# Frictional coin sliding on turntable

1. Oct 20, 2007

### Umphreak89

A 5.0 g coin is placed 22 cm from the center of a turntable. The coin has static and kinetic coefficients of friction with the turntable surface of µs = 0.80 and µk = 0.50. What is the maximum rpm that the turntable could speed up to without the coin sliding off?

m = .005 kg
r = .22 m
µs = 0.8

Equations found..
v = angular velocity * r
Force(net) = m(v)^2 / r

Inertia > µs N when coin slips (?)

I believe this gets set equal to mg (Normal Force) but I haven't been able to generate the correct answer multiplying µs as a coefficient of either side.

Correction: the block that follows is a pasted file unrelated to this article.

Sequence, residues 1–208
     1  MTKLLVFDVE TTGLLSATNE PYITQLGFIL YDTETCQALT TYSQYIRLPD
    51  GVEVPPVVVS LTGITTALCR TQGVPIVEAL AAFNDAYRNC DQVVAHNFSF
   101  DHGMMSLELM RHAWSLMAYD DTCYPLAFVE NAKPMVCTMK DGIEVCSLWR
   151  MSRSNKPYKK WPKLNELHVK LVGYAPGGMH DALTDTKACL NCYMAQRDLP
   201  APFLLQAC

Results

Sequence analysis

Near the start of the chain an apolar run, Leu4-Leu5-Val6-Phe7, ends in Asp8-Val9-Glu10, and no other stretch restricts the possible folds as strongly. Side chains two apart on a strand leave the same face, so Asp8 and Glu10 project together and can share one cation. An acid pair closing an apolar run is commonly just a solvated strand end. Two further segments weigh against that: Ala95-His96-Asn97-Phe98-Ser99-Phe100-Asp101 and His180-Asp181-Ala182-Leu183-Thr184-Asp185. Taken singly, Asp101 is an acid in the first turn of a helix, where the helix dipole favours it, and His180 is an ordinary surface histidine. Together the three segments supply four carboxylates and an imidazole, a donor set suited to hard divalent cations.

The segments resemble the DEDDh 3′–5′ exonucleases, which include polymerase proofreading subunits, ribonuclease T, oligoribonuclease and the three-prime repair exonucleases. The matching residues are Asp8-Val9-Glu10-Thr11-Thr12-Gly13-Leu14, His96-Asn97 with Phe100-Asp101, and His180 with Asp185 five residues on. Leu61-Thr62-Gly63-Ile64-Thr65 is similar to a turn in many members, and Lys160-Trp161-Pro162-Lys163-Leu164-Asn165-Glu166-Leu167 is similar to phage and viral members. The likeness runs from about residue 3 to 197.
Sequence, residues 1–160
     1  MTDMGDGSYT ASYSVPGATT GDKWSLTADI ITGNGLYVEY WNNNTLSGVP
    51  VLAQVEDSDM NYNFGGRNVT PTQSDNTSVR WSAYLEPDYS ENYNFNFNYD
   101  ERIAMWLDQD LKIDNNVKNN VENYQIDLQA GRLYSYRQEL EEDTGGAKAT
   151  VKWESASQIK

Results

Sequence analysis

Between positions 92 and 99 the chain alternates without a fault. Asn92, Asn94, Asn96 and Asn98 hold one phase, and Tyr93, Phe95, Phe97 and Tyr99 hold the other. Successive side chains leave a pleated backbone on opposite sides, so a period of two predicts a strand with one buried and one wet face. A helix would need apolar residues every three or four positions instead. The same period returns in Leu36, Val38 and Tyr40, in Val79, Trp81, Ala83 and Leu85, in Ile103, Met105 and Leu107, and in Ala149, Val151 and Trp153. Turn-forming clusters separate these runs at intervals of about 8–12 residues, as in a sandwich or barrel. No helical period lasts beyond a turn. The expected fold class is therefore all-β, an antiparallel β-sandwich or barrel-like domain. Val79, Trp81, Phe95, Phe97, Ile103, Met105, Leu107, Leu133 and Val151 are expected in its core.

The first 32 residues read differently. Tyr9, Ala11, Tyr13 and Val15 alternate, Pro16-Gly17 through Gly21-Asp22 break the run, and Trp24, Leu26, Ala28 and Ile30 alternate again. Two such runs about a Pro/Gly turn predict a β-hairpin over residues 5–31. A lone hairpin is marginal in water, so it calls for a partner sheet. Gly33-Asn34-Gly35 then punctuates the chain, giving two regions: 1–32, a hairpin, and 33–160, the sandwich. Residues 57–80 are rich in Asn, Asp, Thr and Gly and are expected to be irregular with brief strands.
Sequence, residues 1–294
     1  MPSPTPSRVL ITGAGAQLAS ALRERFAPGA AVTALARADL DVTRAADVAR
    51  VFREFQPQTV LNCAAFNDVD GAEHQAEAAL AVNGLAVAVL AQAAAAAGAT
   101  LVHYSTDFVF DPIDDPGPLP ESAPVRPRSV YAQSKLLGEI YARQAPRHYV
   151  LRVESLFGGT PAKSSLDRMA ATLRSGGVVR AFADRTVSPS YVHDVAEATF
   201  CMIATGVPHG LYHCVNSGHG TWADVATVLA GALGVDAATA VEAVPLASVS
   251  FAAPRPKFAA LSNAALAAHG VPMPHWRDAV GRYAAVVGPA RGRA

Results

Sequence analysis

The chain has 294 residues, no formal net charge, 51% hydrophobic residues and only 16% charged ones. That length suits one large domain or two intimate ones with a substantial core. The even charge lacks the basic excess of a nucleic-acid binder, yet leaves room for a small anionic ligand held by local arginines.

I'm not sure what isn't being accounted for, what do I do?

2. Oct 20, 2007

### learningphysics

Looks like you have the right idea. slipping occurs when force > us*N.

can you show your calculations for angular velocity?

3. Oct 20, 2007

### Umphreak89

m(ω * r)^2 / r

simplifies to => m(r)(ω)^2

so,
mg * µs = m(r)(ω)^2 (?)

4. Oct 20, 2007

### learningphysics

yes, solve for w. what do you get? you have to convert to rpm afterwards also.

5. Oct 20, 2007

### Umphreak89

(.005)(9.8)(.8) = (.005)(.22)(ω)^2
=> (9.8)(.8) = (.22)(ω)^2
=> 7.84 / .22 = ω^2
=> ω = (7.84 / .22)^(1/2) = 5.969

then i'm not sure how to convert this to rpms..
but, 5.969 / r = 27.134, where r = .22, which isn't right

Last edited: Oct 20, 2007
6. Oct 20, 2007

### learningphysics

first convert to revolutions/second. 1 revolution = 2*pi radians.

then convert to revolutions/minute by multiplying by 60.

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